Baby Rating System

You're familiar with the term "Apgar" and you know that doctors use this method to assess a baby's condition just after birth, but just how it works is kind of a blur. In short, your baby is tested at one minute after his birth and once again, five minutes later. Your baby's Apgar scores let your doctor know if your baby is in good health or whether he may just need some medical care.

Perfect Ten

Developed by anesthesiologist Virginia Apgar in 1952, the Apgar today is used worldwide. In the Apgar test, your baby is assigned numbers from 0-2 representing his score in each of the following categories: appearance, pulse, respiration, activity, and response. The numbers are totaled to represent your baby's Apgar score. A ten is considered a perfect Apgar. You can use the term Apgar as a mnemonic device to remember the categories tested: Appearance, Pulse, Grimace (response), Activity, and Respiration.

*Appearance refers to the infant's skin color. A score of zero signifies a pale or bluish-gray complexion. If the color is good but the extremities are bluish, the baby scores a one. A baby who is pink all over receives a two.

*Pulse is the newborn's heart rate. If no heart beat is detected, the score is zero. Fewer than 100 beats a minute gets a one. 100 or more beats a minute rates a two.

*Grimace is the healthy newborn's neurological response during the suctioning of his airways. If this reflex is missing, the baby receives a score of zero. A grimace during suctioning rates a one. If the baby should grimace and show other activity such as coughing, sneezing, or pulling away during suctioning, he gets a two.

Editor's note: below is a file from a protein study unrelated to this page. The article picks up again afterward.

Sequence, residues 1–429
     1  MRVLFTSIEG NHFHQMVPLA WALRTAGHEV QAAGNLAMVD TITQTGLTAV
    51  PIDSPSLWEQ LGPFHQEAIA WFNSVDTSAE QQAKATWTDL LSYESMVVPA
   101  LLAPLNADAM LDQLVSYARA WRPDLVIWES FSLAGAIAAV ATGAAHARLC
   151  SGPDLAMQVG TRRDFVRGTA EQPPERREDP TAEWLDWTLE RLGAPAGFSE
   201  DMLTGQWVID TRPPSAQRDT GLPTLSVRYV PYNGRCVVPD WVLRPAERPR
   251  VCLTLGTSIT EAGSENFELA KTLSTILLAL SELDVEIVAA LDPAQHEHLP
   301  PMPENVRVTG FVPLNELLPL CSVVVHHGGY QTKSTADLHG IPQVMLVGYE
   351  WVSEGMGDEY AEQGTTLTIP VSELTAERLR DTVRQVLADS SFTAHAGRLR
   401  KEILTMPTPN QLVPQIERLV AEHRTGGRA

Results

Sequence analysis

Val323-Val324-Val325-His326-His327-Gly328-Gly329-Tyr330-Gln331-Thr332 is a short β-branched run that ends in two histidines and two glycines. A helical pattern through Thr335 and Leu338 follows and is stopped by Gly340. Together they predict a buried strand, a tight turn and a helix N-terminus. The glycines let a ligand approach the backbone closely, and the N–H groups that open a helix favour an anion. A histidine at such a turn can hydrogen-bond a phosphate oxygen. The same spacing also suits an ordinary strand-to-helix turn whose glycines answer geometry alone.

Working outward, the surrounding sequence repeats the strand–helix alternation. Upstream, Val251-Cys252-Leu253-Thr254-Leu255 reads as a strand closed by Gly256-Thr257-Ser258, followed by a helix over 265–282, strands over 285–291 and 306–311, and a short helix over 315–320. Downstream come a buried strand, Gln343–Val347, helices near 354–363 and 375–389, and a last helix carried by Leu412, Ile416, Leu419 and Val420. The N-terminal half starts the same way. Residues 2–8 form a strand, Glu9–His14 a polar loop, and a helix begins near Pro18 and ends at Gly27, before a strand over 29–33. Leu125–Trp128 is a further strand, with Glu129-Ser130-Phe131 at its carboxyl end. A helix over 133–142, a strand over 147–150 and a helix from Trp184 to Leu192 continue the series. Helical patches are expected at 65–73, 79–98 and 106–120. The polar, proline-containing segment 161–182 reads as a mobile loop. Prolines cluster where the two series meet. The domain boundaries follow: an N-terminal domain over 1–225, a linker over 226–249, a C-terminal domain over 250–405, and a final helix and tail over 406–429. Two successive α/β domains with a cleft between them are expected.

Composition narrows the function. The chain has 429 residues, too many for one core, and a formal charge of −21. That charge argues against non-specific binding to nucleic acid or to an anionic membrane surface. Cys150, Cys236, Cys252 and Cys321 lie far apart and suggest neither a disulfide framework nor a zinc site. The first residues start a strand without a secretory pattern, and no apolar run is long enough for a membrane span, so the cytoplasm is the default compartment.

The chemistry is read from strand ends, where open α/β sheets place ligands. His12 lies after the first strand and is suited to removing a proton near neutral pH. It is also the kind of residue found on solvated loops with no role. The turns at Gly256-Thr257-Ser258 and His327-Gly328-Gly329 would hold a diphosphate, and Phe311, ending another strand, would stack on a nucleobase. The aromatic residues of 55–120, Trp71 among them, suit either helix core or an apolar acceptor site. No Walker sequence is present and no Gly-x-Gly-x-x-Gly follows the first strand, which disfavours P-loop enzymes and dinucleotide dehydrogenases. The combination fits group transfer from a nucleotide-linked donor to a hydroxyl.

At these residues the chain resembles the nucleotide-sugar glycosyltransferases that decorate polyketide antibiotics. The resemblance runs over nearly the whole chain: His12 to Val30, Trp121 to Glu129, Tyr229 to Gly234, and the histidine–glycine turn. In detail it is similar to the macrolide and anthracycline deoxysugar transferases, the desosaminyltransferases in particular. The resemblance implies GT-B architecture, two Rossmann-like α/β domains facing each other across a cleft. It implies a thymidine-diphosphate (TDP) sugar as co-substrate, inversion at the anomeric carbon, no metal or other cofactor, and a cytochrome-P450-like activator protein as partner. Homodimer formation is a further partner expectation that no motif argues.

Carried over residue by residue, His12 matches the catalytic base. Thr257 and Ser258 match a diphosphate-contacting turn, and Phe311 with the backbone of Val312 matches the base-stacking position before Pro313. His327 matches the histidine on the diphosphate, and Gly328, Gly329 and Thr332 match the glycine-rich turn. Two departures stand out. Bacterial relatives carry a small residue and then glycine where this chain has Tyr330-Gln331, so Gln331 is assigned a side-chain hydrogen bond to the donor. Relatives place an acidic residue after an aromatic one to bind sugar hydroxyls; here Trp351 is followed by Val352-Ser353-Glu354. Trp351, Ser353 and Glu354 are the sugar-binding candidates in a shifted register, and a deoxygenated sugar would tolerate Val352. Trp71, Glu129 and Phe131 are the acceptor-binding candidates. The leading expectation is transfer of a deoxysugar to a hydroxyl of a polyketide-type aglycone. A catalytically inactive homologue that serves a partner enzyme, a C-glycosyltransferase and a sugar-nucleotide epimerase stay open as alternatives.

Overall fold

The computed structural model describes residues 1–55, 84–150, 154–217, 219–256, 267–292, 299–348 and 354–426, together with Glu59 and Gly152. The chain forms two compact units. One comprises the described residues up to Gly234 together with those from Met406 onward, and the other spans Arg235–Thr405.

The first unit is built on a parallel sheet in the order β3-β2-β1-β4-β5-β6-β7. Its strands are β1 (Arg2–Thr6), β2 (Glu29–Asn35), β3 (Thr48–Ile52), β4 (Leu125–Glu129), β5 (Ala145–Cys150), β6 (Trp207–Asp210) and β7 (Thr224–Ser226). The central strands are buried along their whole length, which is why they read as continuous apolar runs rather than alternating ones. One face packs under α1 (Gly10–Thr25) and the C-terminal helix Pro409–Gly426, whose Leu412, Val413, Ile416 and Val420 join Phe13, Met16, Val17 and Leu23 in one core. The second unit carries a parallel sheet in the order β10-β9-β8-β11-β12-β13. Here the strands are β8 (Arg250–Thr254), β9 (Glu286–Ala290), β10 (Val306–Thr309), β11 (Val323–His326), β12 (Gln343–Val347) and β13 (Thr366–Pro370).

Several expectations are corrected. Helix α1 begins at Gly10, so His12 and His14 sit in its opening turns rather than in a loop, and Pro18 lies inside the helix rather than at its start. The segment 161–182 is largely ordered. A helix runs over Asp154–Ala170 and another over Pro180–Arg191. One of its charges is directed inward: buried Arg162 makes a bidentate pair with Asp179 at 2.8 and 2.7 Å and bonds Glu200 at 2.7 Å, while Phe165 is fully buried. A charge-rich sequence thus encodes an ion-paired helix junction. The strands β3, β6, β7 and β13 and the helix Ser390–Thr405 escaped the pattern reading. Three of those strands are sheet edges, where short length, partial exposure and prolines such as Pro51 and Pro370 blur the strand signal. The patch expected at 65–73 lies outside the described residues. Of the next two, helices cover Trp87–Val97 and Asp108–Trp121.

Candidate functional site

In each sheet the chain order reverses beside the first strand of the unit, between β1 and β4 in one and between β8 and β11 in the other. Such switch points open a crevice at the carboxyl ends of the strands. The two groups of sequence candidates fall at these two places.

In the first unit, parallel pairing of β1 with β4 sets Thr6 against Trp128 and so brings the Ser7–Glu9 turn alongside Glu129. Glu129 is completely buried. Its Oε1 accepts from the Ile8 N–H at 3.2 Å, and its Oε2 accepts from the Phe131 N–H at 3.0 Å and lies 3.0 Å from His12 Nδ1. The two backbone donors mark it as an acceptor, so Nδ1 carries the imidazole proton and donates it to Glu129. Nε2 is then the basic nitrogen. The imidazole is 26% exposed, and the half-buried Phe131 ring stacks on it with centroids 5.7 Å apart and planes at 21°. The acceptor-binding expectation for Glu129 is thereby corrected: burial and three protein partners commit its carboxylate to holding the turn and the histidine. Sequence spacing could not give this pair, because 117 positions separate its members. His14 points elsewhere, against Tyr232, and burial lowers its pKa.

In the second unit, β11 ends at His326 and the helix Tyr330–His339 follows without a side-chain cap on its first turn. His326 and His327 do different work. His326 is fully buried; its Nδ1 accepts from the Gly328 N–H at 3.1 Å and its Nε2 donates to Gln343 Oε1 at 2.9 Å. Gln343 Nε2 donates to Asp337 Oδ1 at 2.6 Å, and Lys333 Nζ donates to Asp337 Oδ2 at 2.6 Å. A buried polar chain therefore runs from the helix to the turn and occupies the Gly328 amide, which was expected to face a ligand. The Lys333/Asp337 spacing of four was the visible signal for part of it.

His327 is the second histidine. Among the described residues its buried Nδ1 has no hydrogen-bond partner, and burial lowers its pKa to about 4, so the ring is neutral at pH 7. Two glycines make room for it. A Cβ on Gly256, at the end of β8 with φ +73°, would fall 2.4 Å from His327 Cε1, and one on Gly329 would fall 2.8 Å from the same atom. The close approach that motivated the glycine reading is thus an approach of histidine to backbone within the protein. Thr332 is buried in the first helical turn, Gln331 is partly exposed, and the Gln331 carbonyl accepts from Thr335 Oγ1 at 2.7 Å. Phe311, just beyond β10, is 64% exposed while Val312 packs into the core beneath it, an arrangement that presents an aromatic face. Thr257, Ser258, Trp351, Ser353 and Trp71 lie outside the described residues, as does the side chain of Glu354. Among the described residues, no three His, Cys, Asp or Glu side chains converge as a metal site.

*Activity refers to the infant's muscle tone. A limp, lethargic baby rates a zero. A baby who does a bit of arm and leg-flexing gets a one. A nice active baby gets a two.

*Respiration is breathing. A baby that isn't breathing scores a zero. Weak whimpering and slow or irregular breathing rates a one. A big lusty cry and good steady unobstructed breathing rates a two.

Pinking Up

A score of 7-10 on the one-minute Apgar signifies your baby is in good health and needs no extra medical attention. Quite often, a baby will have blue extremities during the one-minute Apgar but will pink up by the five-minute test. Don't be too concerned if your baby's score is not a perfect ten at the one-minute point.

But a baby with a score of 4-6 at the one-minute test may need some breathing help. He may require more suctioning of his airways or need a bit of massage. It's possible he may need some oxygen.

The baby who scores 3 or less will need more intensive help. It's possible he will need some resuscitation. But there is still no need to panic. Babies are often fine after receiving a bit of help.

At the five-minute mark, your baby should have a score of 7-10. Anything below this requires some thought on your doctor's part about what might be done to help your baby.